Having nursed several people through a repair of their beloved green box over the years, one of the things that can also go wrong with them is that one or more of the CMOS chips in the pedal are fried and need replacing. Both the chips used to divide down the clock for switching, and the chips that DO the switching of the tracking filter, are CMOS, which are both static sensitive, and intolerant of supply voltages higher than +15Vdc. Happily, they are cheap, still in production, and plentiful, and replacing them has restored many a pedal.
Amazing info, and reassuring. Thanks so much!! I guess there’s really no cause for concern about parts then. How can one tell if the biasing is off?
 

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Amazing info, and reassuring. Thanks so much!! I guess there’s really no cause for concern about parts then. How can one tell if the biasing is off?
The audio signal needs to ride into a BBD atop a DC voltage. So, for instance, in the DM-2 schematic below, one can see that the input to the BBD (IC3) comes via C15. C15 blocks out any unwanted DC voltage. The Bias trimmer takes the supply voltage (the solid black triangle), divides it down, and feeds that resulting voltage through R18, to sum with whatever the audio/AC signal is.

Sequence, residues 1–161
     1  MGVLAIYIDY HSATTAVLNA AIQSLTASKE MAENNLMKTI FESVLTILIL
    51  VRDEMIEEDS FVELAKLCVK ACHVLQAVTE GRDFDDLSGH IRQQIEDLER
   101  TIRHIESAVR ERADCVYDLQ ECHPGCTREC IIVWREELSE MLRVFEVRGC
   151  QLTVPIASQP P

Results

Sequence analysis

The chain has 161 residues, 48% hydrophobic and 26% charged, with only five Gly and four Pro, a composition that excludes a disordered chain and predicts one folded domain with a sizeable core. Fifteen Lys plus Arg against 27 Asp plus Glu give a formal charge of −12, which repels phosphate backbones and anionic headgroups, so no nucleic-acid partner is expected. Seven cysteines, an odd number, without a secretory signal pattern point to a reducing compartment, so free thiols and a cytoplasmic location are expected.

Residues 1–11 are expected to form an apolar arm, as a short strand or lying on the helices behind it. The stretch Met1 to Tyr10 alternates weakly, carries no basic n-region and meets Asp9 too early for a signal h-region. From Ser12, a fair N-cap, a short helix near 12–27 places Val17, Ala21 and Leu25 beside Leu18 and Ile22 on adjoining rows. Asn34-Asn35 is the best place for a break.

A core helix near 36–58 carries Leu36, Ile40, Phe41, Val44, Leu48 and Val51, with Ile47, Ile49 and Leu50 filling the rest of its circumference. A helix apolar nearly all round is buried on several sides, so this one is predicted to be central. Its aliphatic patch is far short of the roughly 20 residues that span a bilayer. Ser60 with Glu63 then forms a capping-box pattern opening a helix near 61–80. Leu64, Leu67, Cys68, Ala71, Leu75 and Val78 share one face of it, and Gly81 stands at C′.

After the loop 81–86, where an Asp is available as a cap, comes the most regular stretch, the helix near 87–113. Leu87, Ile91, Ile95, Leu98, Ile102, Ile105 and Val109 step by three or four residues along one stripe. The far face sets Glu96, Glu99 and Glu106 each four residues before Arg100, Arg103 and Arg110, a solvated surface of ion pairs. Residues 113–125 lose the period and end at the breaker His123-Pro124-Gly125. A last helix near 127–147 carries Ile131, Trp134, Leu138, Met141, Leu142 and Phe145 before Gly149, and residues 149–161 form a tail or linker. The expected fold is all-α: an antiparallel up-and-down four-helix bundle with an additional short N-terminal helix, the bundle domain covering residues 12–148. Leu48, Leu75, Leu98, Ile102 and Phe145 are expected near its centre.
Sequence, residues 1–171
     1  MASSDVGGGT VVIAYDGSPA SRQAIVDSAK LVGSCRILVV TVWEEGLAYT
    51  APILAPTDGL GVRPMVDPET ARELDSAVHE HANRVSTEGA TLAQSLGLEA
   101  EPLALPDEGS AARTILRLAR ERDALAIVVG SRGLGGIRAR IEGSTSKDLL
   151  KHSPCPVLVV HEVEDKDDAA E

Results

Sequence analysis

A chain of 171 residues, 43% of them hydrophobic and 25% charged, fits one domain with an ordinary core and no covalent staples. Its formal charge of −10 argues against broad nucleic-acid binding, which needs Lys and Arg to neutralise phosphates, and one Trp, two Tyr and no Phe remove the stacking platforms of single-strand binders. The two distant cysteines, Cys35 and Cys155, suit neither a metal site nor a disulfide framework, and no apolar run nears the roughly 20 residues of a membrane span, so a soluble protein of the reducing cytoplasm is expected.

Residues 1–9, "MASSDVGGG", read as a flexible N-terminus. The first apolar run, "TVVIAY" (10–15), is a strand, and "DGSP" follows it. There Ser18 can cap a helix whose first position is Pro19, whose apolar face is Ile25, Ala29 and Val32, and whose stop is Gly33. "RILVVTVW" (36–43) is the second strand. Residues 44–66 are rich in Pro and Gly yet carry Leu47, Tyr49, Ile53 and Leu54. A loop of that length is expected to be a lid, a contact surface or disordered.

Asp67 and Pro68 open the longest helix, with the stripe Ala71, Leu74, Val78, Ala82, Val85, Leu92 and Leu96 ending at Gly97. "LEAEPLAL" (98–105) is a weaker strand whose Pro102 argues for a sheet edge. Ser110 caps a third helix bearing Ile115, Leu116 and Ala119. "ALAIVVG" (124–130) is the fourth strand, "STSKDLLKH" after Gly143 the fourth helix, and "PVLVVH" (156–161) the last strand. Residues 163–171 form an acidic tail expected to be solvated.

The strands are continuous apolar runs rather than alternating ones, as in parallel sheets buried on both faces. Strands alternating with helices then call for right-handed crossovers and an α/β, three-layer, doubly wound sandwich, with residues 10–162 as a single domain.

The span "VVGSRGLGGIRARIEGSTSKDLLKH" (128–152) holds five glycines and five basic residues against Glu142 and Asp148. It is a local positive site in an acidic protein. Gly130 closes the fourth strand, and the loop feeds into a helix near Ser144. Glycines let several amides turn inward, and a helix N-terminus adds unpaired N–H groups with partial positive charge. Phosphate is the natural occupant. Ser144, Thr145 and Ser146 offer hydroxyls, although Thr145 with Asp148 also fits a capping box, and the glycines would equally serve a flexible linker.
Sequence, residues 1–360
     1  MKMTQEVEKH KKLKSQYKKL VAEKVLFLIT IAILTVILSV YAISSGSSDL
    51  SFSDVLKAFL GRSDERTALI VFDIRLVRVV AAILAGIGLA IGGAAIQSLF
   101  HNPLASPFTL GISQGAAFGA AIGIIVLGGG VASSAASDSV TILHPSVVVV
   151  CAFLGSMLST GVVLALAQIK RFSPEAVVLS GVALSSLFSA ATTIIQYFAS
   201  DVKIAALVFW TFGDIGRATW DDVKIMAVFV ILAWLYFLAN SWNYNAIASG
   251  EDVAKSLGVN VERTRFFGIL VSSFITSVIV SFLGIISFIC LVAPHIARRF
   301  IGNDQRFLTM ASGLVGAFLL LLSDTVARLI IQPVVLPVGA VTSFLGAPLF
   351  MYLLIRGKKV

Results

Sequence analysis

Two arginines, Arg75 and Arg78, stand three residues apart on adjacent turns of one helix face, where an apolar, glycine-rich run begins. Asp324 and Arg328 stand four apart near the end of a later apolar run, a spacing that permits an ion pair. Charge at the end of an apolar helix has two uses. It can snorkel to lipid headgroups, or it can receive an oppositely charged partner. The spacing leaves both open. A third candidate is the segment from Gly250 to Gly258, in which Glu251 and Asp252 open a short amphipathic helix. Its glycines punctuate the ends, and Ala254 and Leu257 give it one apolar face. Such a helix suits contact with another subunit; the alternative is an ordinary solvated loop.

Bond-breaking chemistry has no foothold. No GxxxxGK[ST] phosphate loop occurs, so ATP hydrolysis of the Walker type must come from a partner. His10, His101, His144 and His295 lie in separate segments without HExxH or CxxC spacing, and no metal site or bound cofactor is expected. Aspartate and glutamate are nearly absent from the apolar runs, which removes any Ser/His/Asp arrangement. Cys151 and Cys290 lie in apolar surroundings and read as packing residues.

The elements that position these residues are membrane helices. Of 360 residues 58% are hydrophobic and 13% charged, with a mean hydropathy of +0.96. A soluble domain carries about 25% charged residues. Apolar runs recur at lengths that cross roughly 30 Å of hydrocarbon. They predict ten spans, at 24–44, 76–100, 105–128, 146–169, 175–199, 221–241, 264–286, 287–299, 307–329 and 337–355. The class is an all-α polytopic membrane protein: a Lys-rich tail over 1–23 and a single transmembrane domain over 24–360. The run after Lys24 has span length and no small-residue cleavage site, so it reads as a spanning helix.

When the bias voltage is either too high or too low, no audio will pass through the delay chip. As one gets closer to the right bias voltage - either a little too low or a little too high - one will hear a distorted and lower-volume delay signal. As one gets closer to the optimum bias, the delay sound will get clearer and louder. Ideally, one would adjust the bias using a known audio signal of predetermined amplitude and frequency, and compare that signal to the output of the BBD on an oscilloscope until the "best" version of the signal is achieved. For the rest of us, that have to do such things by ear, the best course of action is to temporarily defeat the clean/dry signal so that one ONLY hears the delay. In this particular instance, the first stage, comprised of half of IC, sends a clean copy to the other half of IC1, that serves as the dry/wet mixer stage, via resistor R32. One would temporarily unsolder/lift one end of R32, such that only the wet signal is audible at the output. This would make it much easier to hear the delay signal begin to get cleaner or distorted. Once the bias is properly set, the resistor is soldered back into place. Note that the delay chip can not be damaged by monkeying around with the bias voltage, so twiddle away until you find delay bliss.